This weekend is Los Angeles Gay Pride (or officially just LA Pride). Given how crazy busy I have been these past weeks, I had intended to spend a quiet day at home, reading and taking it easy, but having been invited to several parties (especially given the hostess of the earlier one), I decided I’ll step out tomorrow and join in the festivities.
Three years ago when I had also resolved to spend a quiet day at home instead of partaking in those festivities, I wondered if Pride were “passÃ©:”
the purpose of Pride has changed since the first parades of the 1970s. Back then it was a chance for gay people to be more visible. They called it â€œPrideâ€ to counter the sense that, having not been open about our difference, we were ashamed of our sexuality. Today, as gay people becoming increasingly visible, it’s beginning to seem that â€œPrideâ€ is passÃ©. Pride now seems to be merely the name of the gay & lesbian street festival where people gather to have a good time one spring weekend.
Today at a brunch for my synagogue, I talked with a gay man nearly a generation older than me and shared my ambivalence about “Pride.” He sort of shared my attitude, but offered an understanding observation, “That’s because you’re younger” and pointed out how much more the visibility, the public declaration of pride, mattered when he was coming of age as a gay man in the 1970s.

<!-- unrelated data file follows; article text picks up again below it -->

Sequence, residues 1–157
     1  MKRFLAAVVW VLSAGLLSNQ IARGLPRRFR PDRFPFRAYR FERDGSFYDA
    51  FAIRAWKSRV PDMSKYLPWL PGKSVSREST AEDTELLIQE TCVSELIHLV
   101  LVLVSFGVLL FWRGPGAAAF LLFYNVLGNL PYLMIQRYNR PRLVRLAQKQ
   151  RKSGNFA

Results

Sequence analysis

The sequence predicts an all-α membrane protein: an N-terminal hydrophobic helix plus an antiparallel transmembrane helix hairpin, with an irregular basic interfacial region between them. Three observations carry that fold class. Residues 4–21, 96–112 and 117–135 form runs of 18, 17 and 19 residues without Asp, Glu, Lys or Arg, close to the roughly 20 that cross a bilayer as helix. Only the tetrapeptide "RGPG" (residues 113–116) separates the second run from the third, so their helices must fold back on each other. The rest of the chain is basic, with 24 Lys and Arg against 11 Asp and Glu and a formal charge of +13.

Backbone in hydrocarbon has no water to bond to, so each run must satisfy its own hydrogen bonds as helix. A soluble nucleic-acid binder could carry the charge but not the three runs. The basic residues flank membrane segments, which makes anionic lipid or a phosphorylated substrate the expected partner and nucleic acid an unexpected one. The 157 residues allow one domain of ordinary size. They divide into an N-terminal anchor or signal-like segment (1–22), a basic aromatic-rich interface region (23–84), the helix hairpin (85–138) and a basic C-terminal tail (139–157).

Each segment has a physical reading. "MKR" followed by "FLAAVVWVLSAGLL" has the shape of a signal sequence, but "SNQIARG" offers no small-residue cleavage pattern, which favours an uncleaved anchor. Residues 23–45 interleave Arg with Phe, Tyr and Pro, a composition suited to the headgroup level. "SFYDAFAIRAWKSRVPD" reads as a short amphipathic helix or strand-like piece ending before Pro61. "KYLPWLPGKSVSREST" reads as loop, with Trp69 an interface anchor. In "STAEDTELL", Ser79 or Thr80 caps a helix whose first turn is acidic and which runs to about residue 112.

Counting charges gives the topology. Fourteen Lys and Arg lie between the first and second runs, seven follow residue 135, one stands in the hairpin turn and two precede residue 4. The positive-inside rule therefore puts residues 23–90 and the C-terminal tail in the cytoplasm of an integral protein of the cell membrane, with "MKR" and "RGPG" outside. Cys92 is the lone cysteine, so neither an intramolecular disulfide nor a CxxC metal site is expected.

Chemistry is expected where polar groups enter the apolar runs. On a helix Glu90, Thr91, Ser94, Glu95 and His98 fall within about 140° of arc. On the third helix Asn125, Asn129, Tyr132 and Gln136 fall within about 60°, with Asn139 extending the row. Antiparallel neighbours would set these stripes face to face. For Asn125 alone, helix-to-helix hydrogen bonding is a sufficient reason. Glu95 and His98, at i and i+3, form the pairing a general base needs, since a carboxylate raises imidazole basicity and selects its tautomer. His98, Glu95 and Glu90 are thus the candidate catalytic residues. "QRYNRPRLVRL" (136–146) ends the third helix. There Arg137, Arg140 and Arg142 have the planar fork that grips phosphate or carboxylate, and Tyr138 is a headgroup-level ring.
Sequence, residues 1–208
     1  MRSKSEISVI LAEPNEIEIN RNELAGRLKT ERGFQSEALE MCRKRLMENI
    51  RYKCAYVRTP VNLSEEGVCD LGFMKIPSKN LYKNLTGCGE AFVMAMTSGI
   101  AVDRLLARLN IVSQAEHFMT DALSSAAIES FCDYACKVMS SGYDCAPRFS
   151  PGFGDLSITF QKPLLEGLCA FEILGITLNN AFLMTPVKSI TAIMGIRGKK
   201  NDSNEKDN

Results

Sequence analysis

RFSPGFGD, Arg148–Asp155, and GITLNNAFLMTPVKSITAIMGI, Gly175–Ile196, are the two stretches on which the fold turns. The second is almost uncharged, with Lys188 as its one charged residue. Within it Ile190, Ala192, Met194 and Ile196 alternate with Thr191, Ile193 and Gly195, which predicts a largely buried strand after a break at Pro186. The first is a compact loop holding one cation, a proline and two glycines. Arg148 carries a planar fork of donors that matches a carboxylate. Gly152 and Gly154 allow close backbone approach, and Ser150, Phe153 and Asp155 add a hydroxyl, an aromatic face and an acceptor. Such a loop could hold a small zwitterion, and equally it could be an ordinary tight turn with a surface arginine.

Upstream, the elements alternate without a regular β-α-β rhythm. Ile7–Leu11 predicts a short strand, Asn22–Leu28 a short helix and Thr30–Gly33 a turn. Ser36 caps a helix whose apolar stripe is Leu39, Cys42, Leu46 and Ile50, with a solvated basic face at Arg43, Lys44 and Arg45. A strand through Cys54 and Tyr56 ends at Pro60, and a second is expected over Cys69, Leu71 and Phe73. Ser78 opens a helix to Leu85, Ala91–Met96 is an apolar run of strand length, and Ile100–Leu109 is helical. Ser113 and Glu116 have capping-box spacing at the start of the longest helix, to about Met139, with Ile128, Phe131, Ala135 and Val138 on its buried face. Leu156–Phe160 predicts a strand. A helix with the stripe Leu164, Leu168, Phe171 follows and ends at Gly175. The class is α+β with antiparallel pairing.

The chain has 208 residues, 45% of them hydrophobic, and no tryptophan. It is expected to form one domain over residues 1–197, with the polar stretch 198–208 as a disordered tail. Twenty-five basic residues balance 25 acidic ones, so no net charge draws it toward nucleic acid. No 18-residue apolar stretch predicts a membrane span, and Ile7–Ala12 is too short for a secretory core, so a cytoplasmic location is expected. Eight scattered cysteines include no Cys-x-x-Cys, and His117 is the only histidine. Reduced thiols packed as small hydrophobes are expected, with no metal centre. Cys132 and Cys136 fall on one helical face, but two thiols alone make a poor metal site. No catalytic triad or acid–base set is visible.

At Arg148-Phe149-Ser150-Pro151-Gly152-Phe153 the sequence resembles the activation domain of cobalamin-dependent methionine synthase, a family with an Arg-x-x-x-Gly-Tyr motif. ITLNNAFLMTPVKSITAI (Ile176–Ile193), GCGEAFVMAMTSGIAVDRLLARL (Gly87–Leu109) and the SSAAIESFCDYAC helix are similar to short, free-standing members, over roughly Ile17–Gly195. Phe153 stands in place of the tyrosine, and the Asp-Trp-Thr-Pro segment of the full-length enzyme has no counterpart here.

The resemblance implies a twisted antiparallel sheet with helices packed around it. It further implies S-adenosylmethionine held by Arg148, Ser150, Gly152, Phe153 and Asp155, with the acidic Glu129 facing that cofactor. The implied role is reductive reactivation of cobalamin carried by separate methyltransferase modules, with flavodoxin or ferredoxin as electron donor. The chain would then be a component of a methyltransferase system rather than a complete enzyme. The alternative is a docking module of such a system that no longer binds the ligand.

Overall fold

Pride was once a sometimes transformational event, allowing gay individuals to find validation and recognition in the public square. Now, it’s just become primarily a community celebration similar to those of other groups organize at various times during the year. Pride just happens to be the name we assign it, the word today having more historical than social or political significance as it once did.
As I wrote three years ago, I’m neither proud nor ashamed to be gay. “I just am gay.” That word has neither positive nor negative connotations. It is merely descriptive. But, we’ve come a long way to make it so. Perhaps the whole notion of pride was necessary to help erase its negative connotations.